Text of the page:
The second time one of my colonies absconded, I received a call from the landowner where I kept an outyard. She said yellowjackets were going in and out of one of my hives. By the time I got there, the bees were pouring out of the hive and clustering below the hive stand, queen and all. I was able to drop the cluster in an empty hive where it stayed. When I opened the original hive, I found it teeming with yellowjackets, bee bits, and ripped and dripping combs.
Other beekeepers have reported absconding after severe infestations with wax moths and small hive beetles. But in all three of these cases, the proximate cause was a scavenger, which means the colony was weak to start with. A healthy, vibrant colony is generally able to control attacks of yellowjackets, beetles, and wax moths. A weakened or hungry colony, however, may decide it is losing the battle and opt to leave. At least, this is how it appears.
Not absconding, but something else
The vast majority of the reports I heard this fall appeared not to be the result of mite treatments or scavengers. Instead, the stories, nearly identical in all cases, claimed the following:
The colony that “absconded” was the largest in the apiary, or one of the largest.
The incident occurred in September, October, or November.
The colony seemed normal during a recent inspection, usually between one and four weeks prior, and then suddenly disappeared.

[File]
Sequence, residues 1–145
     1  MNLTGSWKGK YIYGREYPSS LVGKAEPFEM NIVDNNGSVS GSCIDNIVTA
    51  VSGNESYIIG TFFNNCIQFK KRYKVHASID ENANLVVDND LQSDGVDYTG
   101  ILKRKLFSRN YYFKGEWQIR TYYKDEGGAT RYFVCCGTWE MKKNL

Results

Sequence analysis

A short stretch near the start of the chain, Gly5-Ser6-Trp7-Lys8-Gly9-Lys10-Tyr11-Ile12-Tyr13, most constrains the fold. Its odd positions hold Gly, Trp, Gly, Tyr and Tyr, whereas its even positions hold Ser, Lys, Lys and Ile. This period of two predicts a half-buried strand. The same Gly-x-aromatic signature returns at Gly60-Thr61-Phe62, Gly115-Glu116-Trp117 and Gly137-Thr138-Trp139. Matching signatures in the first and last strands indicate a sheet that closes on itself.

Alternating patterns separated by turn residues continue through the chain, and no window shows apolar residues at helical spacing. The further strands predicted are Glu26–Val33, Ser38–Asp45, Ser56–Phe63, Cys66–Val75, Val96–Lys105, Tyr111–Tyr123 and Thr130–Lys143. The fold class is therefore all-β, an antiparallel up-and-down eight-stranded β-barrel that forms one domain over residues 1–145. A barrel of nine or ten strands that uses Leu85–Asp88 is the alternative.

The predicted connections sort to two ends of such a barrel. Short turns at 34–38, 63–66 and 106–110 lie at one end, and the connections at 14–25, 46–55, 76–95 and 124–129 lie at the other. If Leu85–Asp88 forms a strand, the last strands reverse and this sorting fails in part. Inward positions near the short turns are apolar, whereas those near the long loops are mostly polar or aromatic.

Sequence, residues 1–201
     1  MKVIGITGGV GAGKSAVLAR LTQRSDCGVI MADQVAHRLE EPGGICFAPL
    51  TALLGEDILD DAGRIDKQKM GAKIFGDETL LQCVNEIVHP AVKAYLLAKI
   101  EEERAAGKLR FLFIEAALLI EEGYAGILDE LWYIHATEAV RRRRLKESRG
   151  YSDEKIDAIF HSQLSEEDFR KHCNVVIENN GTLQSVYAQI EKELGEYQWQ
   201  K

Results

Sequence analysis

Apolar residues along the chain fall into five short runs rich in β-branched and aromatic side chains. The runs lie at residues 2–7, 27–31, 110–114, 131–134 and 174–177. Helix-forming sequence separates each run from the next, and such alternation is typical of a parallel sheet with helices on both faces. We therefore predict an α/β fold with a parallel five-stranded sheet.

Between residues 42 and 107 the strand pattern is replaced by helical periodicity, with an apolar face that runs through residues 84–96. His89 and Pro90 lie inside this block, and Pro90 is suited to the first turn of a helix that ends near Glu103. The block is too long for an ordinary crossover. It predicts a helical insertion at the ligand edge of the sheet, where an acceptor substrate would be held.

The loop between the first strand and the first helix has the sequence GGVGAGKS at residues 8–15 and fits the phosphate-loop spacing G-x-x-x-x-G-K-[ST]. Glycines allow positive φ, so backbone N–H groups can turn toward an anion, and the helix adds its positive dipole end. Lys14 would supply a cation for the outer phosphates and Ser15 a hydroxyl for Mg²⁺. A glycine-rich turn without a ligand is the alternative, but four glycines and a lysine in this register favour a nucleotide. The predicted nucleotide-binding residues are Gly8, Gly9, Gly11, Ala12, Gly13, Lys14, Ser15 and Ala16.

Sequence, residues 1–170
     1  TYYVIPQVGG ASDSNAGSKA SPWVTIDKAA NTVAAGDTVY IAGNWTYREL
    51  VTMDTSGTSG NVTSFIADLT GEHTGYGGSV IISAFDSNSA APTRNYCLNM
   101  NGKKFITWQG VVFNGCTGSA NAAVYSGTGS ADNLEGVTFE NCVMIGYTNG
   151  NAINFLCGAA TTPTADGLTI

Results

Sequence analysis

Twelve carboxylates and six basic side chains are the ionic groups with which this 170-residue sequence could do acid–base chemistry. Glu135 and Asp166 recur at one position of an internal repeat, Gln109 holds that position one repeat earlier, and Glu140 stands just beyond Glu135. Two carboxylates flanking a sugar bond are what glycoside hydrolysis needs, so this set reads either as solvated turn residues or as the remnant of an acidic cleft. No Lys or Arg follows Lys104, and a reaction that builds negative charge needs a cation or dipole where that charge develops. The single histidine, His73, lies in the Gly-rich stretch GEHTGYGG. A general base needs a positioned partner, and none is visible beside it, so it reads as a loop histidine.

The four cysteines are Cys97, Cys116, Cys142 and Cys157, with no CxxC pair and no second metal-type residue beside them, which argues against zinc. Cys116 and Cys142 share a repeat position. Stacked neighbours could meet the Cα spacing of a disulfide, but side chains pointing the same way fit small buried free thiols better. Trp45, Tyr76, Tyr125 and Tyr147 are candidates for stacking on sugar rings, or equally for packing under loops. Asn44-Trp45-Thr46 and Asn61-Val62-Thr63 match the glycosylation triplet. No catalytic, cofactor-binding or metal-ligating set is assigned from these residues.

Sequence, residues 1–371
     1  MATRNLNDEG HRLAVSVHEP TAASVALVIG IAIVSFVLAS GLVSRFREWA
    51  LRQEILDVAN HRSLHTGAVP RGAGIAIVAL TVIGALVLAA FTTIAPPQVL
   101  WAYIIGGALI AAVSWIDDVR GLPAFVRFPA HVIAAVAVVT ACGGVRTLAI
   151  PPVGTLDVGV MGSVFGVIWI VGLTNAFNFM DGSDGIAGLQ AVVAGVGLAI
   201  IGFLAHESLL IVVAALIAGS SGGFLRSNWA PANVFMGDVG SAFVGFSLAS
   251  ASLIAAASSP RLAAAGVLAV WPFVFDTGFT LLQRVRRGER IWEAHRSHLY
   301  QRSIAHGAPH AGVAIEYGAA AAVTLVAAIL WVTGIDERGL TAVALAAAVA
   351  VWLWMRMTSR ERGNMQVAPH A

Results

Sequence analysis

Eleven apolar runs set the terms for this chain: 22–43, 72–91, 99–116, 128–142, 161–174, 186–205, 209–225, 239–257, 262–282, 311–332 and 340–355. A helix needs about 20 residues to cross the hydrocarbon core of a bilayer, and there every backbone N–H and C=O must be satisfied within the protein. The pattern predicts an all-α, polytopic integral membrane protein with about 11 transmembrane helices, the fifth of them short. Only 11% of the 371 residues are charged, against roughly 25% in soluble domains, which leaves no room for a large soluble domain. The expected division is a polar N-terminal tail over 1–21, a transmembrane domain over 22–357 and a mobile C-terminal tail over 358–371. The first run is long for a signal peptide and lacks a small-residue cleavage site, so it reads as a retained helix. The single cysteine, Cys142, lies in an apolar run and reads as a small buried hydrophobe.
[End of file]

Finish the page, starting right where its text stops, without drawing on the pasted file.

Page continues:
The beekeeper did not see the bees leave or find them later.
Honey was left in the hive or it had clearly been robbed (as evidenced by ripped cells).
A small amount of brood remained in the hive.
A small number of listless bees lingered on the combs, but the rest were gone.
The queen was missing.
At first, I wondered if an influx of Africanized genes into the larger population was causing an increase in absconding, but I could find no evidence for that theory in recent literature. So I spent considerable time re-reading the reports (at least those I could find) and concluded that nothing about them suggested absconding. Instead, the observations listed are classic signs of collapse due to Varroa mites.
A plethora of non-treatments
Where I could, I went back and asked those beekeepers how they treated for mites and when. The answers were a hodgepodge, but some examples are listed below:
I didn’t see any mites so I didn’t treat
I dusted with powdered sugar in the spring and fall
I used Honey-B-Healthy
I used wintergreen patties
I bought a local queen
I have a screened bottom board